• Will whatever synod decides significantly help us as Christian Reformed people to witness to and live out our confession that our world belongs to God?

Hopefully on this issue we’ll witness (to) more biblical light than political heat.

About the Author

Bob De Moor is a retired Christian Reformed pastor living in Edmonton, Alta.

See comments (8)


@Eric responding to @Tim

And that is the crux of the matter. While Eric Verhulst (and I) believe the CRCNA, as church institution (and especially as denomination), should refrain from picking political conclusions for its members, Tim Binnema wants it to pick those conclusions (as does our Banner editor, although purportedly only sometimes).

For the record, I disagree with the CRCNA to pick political conclusions EVEN if/when it picks conclusions I agree with.

Please correct me if you think I'm wrong on this Tim. I don't want to put words in your mouth but I think you/I established this difference between us on the "global warming" issue?

This is a crucial issue for the CRCNA. I believe increasing its political involvement will greatly diminish it as an institutional church, and also (ironically) diminish its influence among members and others (church as organism) to become more politically (and otherwise) involved. The latter assertion seems counter-intuitive but it is still true. When a "big organization" does what we should be doing (whether government or church or otherwise), we stop (or reduce the amount of) thinking and doing ourselves. Sort of a 'tragedy of the commons' kind of phenomena.

If we want to become a politically correct church that the "State" approves of (like a state approved church in socialistic/communistic countries). Then we must continue to partner with the government on environmental and other faith based issues, as we have been doing by adopting and implementing the UN Millennium Development Goals through the OSJ, and the Sustainable Development Goals through the CRWRC. Harmony is unity.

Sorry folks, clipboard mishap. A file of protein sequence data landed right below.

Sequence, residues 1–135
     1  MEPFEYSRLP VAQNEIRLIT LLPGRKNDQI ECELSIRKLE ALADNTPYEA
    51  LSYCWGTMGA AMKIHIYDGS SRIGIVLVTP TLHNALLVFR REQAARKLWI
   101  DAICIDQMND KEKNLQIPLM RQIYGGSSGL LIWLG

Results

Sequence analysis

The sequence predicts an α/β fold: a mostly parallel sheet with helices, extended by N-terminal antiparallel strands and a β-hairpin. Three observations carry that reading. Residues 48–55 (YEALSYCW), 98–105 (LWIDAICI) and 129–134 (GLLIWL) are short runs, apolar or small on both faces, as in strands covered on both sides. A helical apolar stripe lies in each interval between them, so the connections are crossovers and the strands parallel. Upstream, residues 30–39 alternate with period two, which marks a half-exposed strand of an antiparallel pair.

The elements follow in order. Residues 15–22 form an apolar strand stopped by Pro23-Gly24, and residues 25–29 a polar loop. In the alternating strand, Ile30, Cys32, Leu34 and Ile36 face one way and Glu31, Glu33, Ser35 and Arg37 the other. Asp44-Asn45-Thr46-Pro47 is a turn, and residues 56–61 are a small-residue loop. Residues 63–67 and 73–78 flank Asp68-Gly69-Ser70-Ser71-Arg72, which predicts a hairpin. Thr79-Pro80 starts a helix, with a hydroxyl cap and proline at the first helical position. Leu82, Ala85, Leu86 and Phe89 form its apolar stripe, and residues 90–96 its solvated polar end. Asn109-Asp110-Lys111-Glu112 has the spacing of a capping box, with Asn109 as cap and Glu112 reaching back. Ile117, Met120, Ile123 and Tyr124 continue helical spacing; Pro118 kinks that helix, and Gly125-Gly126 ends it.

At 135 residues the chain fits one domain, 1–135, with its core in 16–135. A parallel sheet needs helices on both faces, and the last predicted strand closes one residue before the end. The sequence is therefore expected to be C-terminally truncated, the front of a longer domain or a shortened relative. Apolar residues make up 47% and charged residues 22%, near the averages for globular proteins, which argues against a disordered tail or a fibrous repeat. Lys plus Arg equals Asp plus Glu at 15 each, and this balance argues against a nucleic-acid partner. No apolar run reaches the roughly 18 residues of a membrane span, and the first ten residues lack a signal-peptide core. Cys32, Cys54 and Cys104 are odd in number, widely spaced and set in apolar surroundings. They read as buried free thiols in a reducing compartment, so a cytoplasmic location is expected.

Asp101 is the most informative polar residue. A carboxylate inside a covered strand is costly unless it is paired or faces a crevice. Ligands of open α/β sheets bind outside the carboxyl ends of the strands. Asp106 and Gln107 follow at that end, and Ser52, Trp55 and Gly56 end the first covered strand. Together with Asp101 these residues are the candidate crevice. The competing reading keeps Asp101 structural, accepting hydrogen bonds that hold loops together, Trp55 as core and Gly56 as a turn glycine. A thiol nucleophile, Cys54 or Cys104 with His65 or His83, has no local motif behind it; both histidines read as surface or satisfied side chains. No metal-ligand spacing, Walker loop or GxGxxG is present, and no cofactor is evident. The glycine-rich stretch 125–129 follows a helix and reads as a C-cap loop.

I suppose it is a nuance but I don't consider acceptance that anthropogenic CO2 is causing climate change a political conclusion, nor do I consider the observation that the current power (political) structures give an unfair advantage to some, a political conclusion.

I do not advocate for a partisan political roll for the CRC or any other church. I do believe however that the relevancy of the Christian faith is eroded if the Church as an organization does not provide leadership in setting goals for society, this does not mean an explicit how to achieve the goal, only an emphasis that this or that goal must be given high priority. The task of democratically elected political leaders is to balance "competing goods", to the extent that Christians through individual and "corporate" voice can be heard (listened to) by political leaders, those leaders will begin to make Christian goals their goals. How they seek to achieve those goals (political conclusions) will naturally vary based on their broader worldview and experience.